Wednesday, March 23, 2011

On the Water

“'On the water' means every day of my life,” says Diane Bush, a deceptively diminutive figure who spends her days instructing people on motorboats and RIBs (Rigid Inflatable Boats), racing Sunbeams around the Carrick Roads, being part time skipper of the Flushing Ferry and as a member of the RNLI crew at Falmouth. “Before that I was coxswain of the Isles of Scilly Ambulance boat, which is the only boat run by the Ambulance Service,” she adds. “It's a 34ft twin jet propelled catamaran and seen as a challenge even to the local boatmen.”

Diane has lived in Falmouth for the last 12 years and runs South West Powerboating with her partner, instructing powerboat and motor boat training. “We do shore based courses so we can tailor the courses to people's needs. I am RYA trained for powerboats and one of 4 female RYA Yachtmaster instructors for motorboats,” she adds. “The best bit about teaching people is when they get the hang of the boat. The reward on their faces when they've cracked it is wonderful.”
Diane's father encouraged her love of boats when she was young. “On holiday, I'd be on the water the whole time with various different sports and activities,” she says. “I started off windsurfing at the age of 13 because my parents couldn't afford a boat, then my father got his first motor boat when I was 20.”
Having married a sailing addict, I was interested to hear what Diane loves about motorboats. “The time factor is different,” she explains. “You have enough time to shoot somewhere more sheltered. And they're more predictable – you can be somewhere like Fowey in a couple of hours whereas with sailing it can take 4, 5 hours or longer.” She laughs. “It's much warmer in a motorboat and you can shelter from the rain which is useful in this country.” And sailing? She sighs. “I love the peace and quiet of it all. When the wind's in the right quarter, you can't beat it.”
Diane must be the only sailor I've ever met who hasn't managed to get into serious trouble on the water. “I did get caught up on an anchor chain off Mersey Island when I was windsurfing. Thankfully my father was around and dragged me out.” But she was 14 at the time. “I've had a few hairy moments but I've managed to get myself back ashore,” she says cheerfully. “I have to be careful now we've got the school – the last thing I want to do is call the orange and blue boats out.”
Diane's first job was instructing windsurfing at Bude, followed by teaching dinghy sailing. The job as skipper of the Scilly Ambulance was advertised in the West Briton and not one that she ever expected to get. “But I knew I'd regret it if I didn't take it. I had to learn all about the different islands, and pass a Quay to Quay licence,” she explains. “One day, going over to St Agnes, the waves were bigger than the boat so we decided to leave it till another day.”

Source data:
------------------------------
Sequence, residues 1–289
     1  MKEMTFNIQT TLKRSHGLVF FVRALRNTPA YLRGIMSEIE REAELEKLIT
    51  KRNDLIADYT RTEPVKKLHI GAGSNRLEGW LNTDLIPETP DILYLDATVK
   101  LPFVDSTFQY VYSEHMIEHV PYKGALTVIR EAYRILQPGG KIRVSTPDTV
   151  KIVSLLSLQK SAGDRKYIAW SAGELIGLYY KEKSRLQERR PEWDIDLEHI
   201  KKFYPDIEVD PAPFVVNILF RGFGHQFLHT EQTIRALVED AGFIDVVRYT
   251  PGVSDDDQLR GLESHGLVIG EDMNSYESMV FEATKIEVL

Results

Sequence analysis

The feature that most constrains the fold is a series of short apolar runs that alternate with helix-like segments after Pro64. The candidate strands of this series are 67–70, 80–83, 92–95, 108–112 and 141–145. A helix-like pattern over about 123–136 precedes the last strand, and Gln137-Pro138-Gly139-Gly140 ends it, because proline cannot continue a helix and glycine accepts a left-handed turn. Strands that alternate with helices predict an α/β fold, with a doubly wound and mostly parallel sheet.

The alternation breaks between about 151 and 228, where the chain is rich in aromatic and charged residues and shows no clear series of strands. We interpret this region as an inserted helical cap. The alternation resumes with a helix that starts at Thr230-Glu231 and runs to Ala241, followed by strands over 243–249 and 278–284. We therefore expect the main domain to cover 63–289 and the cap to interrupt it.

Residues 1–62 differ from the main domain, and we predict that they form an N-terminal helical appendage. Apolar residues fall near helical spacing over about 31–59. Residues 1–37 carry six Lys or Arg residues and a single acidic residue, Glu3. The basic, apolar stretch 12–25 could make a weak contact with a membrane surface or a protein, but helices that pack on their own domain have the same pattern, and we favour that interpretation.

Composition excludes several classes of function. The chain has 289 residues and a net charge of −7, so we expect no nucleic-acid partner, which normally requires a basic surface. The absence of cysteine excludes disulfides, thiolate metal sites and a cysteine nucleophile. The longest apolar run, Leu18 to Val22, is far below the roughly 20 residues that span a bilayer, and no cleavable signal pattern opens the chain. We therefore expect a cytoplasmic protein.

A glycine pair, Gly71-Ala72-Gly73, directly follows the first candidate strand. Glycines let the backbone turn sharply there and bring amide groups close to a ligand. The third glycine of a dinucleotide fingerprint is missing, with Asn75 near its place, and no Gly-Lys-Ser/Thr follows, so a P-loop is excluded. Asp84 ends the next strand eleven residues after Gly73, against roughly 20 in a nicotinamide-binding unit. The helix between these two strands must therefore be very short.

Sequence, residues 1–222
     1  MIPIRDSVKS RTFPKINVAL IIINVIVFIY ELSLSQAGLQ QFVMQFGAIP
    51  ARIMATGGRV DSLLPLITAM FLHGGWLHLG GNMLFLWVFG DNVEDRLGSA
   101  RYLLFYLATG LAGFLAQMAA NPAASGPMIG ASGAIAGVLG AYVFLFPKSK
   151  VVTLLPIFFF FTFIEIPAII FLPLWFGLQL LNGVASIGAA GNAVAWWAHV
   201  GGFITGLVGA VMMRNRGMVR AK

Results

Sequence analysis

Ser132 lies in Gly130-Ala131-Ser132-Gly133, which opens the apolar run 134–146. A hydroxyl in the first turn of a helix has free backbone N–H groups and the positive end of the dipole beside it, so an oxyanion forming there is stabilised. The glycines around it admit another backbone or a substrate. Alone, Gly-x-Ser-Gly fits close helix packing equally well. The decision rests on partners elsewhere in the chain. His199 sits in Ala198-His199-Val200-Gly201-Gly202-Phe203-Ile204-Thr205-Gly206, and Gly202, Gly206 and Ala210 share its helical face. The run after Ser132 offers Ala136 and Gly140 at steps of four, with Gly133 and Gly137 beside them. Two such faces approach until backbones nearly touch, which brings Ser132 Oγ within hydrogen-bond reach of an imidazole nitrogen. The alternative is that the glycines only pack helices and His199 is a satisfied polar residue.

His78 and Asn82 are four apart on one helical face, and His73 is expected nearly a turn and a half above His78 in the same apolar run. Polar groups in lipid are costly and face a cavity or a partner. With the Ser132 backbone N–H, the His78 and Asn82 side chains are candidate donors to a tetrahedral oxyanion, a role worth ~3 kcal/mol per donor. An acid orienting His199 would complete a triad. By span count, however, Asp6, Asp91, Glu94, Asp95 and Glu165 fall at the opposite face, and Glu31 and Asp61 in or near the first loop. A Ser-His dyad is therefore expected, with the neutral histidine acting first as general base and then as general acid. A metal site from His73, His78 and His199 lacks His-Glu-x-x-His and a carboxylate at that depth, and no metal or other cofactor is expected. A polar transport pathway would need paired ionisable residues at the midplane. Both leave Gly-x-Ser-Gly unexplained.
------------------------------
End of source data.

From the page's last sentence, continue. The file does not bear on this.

It was Diane's interest in powerboats which led her to the lifeboats. “I wanted to join the RNLI to give a little bit back and help others out who aren't that fortunate. The most frightening thing was getting to know the limits of the boat – going out in conditions that you wouldn't choose to go out in as a boating person,” she says. “You have to go out in it to appreciate it. But the craft are absolutely stunning.”
Dealing with fatalities is part of working with the RNLI, but Diane is philosophical. “We usually go to the boathouse for a cup of tea after a shout, and if there's anything unpleasant, that tends to be the time when everybody talks about it. Then you go home and everybody responds in a different way.”

But fitting in the RNLI with working life isn't easy. “Because we have this centre, I can't just leave people in the lurch if my pager goes off, so I explain to customers what I do and if they're happy for me to go on a shout, then I'll go,” she says. “Otherwise, I help launch the boat and come back. It's a hard balance sometimes but we're just round the corner from the lifeboat station which makes life easier.”

When it comes to her greatest achievement, Diane grins. “It's getting on the crew. But it's a team effort – there has to be different knowledge and experience or it wouldn't work. I hope I can carry on doing this till I retire – or they kick me off.” She pauses. “The best thing is making a difference to someone's life – you save them, get them medical assistance or treat them.”

But she has advice for those who spend time on the water. “Check the conditions, know your own limits and that of your vessel, and make sure you have the relevant safety kit on - and know how to use it.”

In addition to her many other jobs, Diane and her partner run the Flushing ferry on Sundays “and any other day we're needed.” So how does she fit it all in? She shrugs and grins. “Well, the summer goes by pretty quick.”
As for time off - “I crew on one of the Sunbeams in the summer – they're one of the oldest fleets in the harbour,” she says proudly. “They're very easy to sail – they're well balanced because of their age and it's one design racing so it's not handicapped.”
We're sitting in Diane's office, overlooking the marina. “What I love most about being on the water is the challenge,” she adds, her eyes lighting up. “Conditions are always different which makes for an ever-changing environment. You never stop learning.” She pauses and looks out at the beckoning boats. “If you take the water away from my life, I don't really have much else. It means everything to me.”
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Cornwall Today April 2011

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